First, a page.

Yes, Senate Judiciary Committee did a good job on Immigration Reform Bill.
Gail Collins in his NY Times Article said, “Immigration reform has been the 2013 bipartisan bright spot in the Senate, unless you were really moved by the day they voted to debate gun control before killing all the gun control plans. The committee members cheerfully plowed through 300-odd proposed amendments, while taking turns telling which country their great-grandfather came from. There was, of course, a lot of disagreement, although almost everybody seemed to enjoy slapping down ideas offered by Senator Jeff Sessions of Alabama.
Mainstream Republicans have been super-energized to do immigration reform ever since the Hispanic vote went against them in the last election. Democracy does work. If somebody came up with a dramatic poll showing that all the people with diabetes, asthma and chronic back problems had voted against Mitt Romney, there would no longer be a problem getting funding for health care reform.
High points in the committee’s long slog toward passage included a proposal from Tea Party icon Mike Lee of Utah to exempt employers of “cooks, waiters, butlers, housekeepers, governesses, maids, valets, baby sitters, janitors, laundresses, furnacemen, caretakers, handymen, gardeners, footmen, grooms, and chauffeurs of automobiles for family use” from checking to make sure their help had the proper legal status. It didn’t go anywhere, but if you happen to run into Lee, feel free to say: “The butler did it.”
It is, at minimum, a useful reminder of what lawmaking looked like back in the days when the two parties made deals and we complained that nobody was sticking to their principles. Back to the can-do days when senators routinely said things like Senator Orrin Hatch’s explanation of his thinking on immigration: “I’m going to vote this bill out of committee because I’ve committed to do that.”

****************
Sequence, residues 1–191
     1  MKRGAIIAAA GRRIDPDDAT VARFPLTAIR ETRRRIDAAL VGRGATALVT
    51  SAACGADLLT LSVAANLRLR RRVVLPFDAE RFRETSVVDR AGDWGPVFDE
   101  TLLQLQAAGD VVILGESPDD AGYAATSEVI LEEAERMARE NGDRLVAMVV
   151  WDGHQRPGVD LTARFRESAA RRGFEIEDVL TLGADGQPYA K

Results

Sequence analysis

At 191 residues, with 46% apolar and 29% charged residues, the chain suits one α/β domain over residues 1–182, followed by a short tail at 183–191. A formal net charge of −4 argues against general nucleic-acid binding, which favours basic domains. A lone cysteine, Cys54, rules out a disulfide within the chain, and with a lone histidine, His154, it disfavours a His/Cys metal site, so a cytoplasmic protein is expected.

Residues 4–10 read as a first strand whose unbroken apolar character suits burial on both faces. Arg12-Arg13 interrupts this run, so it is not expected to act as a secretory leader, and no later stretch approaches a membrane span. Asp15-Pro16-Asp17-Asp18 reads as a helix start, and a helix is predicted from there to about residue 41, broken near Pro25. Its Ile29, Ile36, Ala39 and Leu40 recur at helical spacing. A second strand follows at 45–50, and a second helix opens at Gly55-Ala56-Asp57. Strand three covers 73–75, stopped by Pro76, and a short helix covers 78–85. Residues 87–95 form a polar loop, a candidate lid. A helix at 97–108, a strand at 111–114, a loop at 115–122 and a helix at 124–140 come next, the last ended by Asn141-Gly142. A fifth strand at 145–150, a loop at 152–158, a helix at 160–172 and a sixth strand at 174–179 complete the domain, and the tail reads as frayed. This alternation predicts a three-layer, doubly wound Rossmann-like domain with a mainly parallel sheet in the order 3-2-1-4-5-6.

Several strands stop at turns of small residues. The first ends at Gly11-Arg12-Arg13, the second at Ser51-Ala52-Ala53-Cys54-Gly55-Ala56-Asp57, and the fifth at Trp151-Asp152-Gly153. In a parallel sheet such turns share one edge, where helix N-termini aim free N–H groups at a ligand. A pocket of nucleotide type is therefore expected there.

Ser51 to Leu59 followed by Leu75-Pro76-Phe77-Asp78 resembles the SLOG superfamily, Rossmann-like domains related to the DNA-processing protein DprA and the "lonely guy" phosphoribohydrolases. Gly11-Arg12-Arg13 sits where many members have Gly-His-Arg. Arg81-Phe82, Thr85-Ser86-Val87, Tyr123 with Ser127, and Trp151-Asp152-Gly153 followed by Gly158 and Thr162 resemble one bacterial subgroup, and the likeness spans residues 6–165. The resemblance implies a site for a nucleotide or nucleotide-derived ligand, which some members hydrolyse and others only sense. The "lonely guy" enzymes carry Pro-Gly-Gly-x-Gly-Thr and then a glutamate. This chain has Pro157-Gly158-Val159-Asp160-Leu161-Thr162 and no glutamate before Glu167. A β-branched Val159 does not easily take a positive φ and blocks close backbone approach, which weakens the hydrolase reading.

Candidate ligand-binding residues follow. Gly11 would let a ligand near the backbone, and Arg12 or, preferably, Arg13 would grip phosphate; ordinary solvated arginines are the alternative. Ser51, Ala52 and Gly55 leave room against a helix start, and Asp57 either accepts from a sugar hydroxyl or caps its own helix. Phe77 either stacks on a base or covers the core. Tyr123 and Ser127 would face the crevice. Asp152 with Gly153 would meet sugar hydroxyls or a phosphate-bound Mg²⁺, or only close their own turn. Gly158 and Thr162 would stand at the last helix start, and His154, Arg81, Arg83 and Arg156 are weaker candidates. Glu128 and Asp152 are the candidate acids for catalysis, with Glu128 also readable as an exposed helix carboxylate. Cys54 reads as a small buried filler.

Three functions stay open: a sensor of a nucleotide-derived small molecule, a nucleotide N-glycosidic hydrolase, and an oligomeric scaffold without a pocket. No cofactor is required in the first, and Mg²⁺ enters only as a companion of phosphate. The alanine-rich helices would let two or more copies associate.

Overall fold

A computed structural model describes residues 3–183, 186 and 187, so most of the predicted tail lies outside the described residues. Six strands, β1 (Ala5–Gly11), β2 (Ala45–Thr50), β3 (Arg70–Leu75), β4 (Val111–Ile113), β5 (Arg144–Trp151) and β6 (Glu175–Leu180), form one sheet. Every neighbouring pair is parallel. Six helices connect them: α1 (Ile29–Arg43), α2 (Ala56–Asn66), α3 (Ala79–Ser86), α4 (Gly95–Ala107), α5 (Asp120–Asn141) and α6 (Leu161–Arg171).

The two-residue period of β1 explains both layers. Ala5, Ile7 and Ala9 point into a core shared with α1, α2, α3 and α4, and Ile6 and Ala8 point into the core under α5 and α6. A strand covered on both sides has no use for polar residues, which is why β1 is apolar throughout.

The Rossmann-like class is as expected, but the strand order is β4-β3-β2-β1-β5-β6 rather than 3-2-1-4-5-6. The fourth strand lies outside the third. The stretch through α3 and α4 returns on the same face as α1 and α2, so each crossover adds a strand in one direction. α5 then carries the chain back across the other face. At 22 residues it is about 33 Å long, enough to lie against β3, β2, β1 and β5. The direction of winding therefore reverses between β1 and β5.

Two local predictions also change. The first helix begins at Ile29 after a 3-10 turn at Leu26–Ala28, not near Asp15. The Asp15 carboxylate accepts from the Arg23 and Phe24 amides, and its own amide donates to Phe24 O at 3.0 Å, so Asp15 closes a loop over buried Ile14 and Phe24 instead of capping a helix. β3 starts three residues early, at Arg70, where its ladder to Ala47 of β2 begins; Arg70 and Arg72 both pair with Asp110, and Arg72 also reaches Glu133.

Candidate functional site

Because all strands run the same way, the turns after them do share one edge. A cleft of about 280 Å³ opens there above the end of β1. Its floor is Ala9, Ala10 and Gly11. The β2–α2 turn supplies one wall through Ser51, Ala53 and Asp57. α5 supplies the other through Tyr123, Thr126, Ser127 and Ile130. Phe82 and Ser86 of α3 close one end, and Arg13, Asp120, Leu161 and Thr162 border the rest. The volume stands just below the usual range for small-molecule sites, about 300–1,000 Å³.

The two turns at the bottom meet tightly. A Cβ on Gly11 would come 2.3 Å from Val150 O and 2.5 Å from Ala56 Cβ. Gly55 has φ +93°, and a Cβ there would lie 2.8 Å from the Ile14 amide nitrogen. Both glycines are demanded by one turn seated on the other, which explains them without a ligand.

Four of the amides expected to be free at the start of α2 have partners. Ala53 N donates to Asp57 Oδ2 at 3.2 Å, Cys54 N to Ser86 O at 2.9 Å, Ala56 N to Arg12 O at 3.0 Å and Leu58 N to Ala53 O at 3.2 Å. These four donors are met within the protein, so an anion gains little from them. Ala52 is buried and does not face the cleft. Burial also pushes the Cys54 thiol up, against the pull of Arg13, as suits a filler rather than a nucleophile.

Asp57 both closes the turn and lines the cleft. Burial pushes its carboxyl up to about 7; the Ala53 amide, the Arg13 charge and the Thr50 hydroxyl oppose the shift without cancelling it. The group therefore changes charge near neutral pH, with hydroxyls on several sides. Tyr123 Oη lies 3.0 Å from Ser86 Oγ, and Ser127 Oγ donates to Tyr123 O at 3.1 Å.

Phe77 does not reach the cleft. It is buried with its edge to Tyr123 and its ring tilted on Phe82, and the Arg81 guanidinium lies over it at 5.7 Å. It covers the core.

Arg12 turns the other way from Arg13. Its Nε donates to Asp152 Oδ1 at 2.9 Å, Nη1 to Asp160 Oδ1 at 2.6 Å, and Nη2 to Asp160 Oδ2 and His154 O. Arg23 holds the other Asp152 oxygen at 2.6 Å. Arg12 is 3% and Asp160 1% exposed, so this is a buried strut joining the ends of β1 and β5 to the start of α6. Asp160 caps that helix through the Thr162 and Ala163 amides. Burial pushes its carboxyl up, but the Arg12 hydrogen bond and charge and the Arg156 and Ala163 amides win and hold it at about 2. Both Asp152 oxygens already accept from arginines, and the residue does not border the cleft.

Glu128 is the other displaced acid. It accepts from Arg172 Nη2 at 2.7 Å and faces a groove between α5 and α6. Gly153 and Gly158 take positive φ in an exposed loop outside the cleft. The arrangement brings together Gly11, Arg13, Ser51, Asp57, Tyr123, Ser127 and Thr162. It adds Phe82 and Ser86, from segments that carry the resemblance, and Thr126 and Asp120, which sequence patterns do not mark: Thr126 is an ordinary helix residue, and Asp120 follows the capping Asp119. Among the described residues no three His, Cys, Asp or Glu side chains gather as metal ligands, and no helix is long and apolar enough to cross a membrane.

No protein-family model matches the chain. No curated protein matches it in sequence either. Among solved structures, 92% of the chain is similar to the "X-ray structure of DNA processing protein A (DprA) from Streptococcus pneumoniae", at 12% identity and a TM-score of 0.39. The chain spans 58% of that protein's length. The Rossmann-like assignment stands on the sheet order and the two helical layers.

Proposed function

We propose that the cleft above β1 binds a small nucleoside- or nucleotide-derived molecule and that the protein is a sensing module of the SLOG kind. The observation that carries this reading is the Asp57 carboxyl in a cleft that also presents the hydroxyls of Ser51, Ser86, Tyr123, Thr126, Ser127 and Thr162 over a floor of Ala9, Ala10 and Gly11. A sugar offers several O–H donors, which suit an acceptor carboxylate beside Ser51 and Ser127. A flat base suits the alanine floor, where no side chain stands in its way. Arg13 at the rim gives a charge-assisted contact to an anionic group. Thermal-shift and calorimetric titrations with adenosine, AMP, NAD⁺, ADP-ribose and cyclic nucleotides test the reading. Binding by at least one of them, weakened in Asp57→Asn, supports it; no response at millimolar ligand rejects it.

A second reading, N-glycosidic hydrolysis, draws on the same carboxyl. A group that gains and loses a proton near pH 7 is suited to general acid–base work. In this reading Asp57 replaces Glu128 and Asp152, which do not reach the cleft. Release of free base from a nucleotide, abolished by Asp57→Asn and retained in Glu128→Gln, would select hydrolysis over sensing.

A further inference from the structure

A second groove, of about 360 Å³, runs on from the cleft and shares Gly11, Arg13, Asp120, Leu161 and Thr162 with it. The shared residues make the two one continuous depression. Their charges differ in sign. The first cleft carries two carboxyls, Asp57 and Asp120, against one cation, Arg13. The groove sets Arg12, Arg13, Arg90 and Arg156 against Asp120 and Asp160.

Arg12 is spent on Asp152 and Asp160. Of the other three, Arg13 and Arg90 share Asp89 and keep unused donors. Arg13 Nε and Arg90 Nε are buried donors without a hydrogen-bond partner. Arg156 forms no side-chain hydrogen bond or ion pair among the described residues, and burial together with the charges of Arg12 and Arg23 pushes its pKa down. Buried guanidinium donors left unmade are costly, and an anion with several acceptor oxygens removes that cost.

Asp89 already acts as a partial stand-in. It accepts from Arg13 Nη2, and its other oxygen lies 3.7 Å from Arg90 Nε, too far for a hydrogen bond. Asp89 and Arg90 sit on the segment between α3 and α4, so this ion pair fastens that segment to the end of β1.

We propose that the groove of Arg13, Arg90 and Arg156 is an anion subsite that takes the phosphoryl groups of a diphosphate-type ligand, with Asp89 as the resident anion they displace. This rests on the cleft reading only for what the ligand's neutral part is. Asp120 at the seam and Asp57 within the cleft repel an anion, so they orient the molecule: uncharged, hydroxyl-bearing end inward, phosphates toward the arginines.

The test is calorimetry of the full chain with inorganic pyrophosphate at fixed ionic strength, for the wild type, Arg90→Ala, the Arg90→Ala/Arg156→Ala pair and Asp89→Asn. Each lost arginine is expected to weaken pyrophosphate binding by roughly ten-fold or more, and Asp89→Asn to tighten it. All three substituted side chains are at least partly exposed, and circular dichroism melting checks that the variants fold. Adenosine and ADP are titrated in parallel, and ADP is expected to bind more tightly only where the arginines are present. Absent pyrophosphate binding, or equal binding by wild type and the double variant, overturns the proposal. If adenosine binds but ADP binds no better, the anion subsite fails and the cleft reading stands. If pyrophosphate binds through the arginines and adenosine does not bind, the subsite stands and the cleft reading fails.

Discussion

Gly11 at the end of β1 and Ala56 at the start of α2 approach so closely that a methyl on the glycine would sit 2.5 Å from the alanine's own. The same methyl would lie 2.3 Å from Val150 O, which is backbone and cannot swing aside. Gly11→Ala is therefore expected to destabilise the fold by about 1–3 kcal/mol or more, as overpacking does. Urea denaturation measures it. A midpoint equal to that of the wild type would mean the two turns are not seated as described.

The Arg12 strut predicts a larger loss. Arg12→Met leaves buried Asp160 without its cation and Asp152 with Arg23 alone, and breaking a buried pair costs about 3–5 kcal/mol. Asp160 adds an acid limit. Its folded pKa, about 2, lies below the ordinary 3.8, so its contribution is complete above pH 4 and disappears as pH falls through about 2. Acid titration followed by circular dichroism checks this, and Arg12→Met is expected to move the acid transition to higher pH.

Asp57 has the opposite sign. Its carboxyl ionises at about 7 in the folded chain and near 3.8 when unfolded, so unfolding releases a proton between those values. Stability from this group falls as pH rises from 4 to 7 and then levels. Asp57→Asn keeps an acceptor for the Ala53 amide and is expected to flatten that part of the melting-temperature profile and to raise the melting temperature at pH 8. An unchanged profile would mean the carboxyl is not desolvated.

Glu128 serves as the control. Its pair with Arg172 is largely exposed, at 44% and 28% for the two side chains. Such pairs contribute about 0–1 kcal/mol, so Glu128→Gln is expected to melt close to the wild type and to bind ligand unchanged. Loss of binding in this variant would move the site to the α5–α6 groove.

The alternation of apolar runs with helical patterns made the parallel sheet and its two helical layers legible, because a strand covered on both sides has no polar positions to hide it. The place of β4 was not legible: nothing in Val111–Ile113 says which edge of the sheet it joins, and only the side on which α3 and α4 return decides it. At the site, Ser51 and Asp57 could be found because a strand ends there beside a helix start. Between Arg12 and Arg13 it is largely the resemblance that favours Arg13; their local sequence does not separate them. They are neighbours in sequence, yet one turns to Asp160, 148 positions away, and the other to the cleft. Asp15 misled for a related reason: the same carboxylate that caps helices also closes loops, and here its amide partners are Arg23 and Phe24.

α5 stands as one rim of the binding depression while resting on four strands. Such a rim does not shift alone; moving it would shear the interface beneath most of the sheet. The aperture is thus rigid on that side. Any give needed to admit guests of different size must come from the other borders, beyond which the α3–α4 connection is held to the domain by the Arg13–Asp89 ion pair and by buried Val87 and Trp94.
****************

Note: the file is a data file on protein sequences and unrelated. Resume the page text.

The bill, which would give millions of undocumented residents a path toward eventual citizenship, now goes to the full Senate, where it actually looks as though it’s going to pass. Any further progress would require cooperation from the House of Representatives, the circle of hell where the damned are condemned to spend eternity voting to repeal the health care reform law.
The House Republican leadership would probably rather have been working on something else. But the newer members whined that they’d hardly had any opportunities to vote to repeal Obamacare at all. “It sends a great statement back to our district,” said Representative Ted Yoho, Republican of Florida, who many people enjoy quoting because they like saying Ted Yoho.
Also, it’s hard for the Republicans to agree among themselves about anything else. One influential conservative organization recently urged Speaker John Boehner to drop the whole legislation idea completely and just hold committee hearings about the I.R.S. scandal and Benghazi forever.
“Recent events have rightly focused the nation’s attention squarely on the actions of the Obama administration,” argued the Heritage Action for America. “It is incumbent upon the House of Representatives to conduct oversight hearings on those actions, but it would be imprudent to do anything that shifts the focus from the Obama administration to the ideological differences within the House Republican conference.”
For more information, please feel free to contact the Immigration and Nationality Lawyers at the NPZ Law Group at 201-670-0006 or by e-mailing us at email@example.com.